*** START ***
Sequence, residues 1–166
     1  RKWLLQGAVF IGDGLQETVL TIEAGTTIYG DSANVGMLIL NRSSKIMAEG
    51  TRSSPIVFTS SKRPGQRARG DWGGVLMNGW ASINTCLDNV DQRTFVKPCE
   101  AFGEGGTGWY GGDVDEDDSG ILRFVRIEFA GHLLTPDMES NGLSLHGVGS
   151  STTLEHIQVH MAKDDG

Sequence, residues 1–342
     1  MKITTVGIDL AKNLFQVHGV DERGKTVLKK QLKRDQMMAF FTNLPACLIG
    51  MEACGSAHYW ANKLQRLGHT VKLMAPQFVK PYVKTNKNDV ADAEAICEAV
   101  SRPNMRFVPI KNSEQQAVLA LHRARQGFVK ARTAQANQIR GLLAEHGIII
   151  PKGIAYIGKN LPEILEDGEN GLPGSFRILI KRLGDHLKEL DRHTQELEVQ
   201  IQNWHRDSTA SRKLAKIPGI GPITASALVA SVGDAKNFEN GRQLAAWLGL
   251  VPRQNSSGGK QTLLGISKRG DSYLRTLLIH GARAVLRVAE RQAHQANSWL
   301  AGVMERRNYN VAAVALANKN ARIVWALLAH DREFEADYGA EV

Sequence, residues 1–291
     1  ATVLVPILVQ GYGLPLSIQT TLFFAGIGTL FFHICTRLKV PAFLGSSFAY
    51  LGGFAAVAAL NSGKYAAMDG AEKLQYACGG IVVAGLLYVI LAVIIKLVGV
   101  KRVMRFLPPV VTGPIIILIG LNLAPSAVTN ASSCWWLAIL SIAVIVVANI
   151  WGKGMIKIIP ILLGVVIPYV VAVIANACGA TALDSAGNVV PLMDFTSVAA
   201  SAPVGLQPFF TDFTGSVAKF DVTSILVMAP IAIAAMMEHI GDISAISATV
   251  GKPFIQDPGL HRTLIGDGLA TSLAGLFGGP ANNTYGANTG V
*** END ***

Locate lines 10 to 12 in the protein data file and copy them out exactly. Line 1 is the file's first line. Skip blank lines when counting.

   151  PKGIAYIGKN LPEILEDGEN GLPGSFRILI KRLGDHLKEL DRHTQELEVQ
   201  IQNWHRDSTA SRKLAKIPGI GPITASALVA SVGDAKNFEN GRQLAAWLGL
   251  VPRQNSSGGK QTLLGISKRG DSYLRTLLIH GARAVLRVAE RQAHQANSWL